The Jonestown Totentanzes

Jonestown-w-Josh_DSC0052-swThe term Totentanz translates to Dance of the Dead.

The most famous of these is Hungarian classical composer Franz Liszt’s brilliant and virtuosic set of variations on Dies Irae, written for piano and orchestra. The plainsong Dies Irae is the famous Gregorian chant from the mass of the dead.

Composer Daniel Buckley’s Totentanzes are a series of dance works incorporating audio recordings from the Jonestown tragedy, in which 900-plus people took their lives or were murdered at Jonestown in the Guayanese jungle on Novemeber 18, 1978. Hundreds of audio recordings are available of Rev. Jim Jones and his followers from both before the move to Guayana, and after. There is even a recording of the people taking the cyanide-laced Kool Aid that killed most of them. In 2009, the Jonestown Institute turned over copies of all of the recordings found by the FBI after the Jonestown tragedy, as well as recordings contributed by family members in the years that followed.

1978 was the height of the disco era back in the states and around much of the world. The Bee Gees’ “Stayin’ Alive” had been the number one Billboard hit just weeks before the Jonestown incident. Jones himself had an Earth, Wind and Fire style funk band at Jonestown called the Jonestown Express that covered popular hits of the day, sometimes changing the lyrics to glorify Jones or Jonestown.

Jonestown tapes

Tapes found by the FBI at Jonestown

Buckley’s Totentanzes will incorporate these audio recordings in various ways, as well as strictly instrumental compositions and songs using the composer’s lyrics. As a body of work, they are a means to an end – the study materials for blending popular and classical styles, working toward the outcome of a new opera about Jonestown.

But they are also meant to be a body of work of their own that will bridge night club and classical recital environments. As such they are another means to a different end – that of engaging different audiences in a project that at first glance might seem a tough sell. Just as Jones’ preaching brought together people of diverse ages, ethnicities and backgrounds, so Buckley is working to entice an unlikely audience to engage in the story and learn about a shadowy moment in fairly recent history.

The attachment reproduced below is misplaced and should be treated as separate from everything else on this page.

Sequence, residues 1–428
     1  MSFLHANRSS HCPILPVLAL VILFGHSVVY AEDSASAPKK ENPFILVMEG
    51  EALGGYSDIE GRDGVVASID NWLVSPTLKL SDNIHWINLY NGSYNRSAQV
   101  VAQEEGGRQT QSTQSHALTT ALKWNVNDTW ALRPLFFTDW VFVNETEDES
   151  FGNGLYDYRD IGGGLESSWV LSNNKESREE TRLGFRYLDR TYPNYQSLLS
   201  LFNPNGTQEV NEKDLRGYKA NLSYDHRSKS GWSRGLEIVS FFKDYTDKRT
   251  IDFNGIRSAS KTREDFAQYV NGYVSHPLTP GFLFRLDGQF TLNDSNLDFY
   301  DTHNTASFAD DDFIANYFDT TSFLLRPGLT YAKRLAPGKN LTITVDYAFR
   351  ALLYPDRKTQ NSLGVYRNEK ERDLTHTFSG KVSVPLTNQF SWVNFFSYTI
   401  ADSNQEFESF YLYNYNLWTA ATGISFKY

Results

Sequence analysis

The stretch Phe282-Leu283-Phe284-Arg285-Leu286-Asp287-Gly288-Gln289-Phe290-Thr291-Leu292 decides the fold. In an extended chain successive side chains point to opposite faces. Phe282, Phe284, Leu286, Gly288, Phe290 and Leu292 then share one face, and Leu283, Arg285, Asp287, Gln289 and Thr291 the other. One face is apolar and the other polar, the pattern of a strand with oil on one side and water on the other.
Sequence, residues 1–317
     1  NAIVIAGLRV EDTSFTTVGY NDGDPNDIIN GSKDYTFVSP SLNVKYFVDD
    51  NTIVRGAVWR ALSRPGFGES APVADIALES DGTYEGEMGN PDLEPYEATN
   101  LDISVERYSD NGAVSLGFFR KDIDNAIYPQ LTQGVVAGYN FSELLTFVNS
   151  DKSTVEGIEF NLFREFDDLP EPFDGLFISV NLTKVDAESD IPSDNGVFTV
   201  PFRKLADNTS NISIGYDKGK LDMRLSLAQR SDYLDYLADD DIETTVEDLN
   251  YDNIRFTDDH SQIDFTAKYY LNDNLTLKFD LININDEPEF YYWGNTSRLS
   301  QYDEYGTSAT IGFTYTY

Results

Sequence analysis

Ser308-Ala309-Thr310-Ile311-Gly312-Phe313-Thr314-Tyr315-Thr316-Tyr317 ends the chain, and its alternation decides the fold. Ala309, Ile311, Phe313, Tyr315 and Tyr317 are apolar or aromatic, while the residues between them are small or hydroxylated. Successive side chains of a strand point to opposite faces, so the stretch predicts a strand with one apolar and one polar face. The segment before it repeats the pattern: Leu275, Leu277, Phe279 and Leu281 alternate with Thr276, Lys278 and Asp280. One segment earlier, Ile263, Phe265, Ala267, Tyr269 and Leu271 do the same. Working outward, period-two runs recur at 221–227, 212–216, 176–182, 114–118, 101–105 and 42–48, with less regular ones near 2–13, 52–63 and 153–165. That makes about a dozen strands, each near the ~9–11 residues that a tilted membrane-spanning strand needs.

While not using the title Totentanzes before, Buckley toyed with the concept while composing his string quartet, “Soul Seduction: A Jonestown Scrapbook” for the Kronos Quartet in the mid-1990s. With a nod to Lizst’s Totentanz, and to works of other classical composers, Buckley wove his own set of variations on the plainchant “Dies Irae” into the cello part of the final movement of the piece.

It is almost certain that this historic theme will find its way into some portion of Buckley’s new Totentanzes, as well as the resulting opera.

The Jonestown audio recordings, and other spoken word works, have been a major chunk of Buckley’s musical pursuits for decades.

Below are some examples of Jonestown-specific works, as well as a link to more recent experimentation using the Jonestown audio tapes with more modern software and techniques.


• Here are a few fairly straight treatments of materials from the Jonestown tapes, from various decades. •


During the early 1990s Buckley started working with his first “professional” sampler – the Ensoniq EPS. Heavily hampered by its lack of memory, one had to learn to work around its limitations by creating short samples and transposing the pitch downward to achieve a sense of elongation and duration. “Jonestown Swings,” an instrumental work, here excerpted, strives to create the eerie sound of abandoned playground equipment blowing in the wind in the wake of the Jonestown tragedy.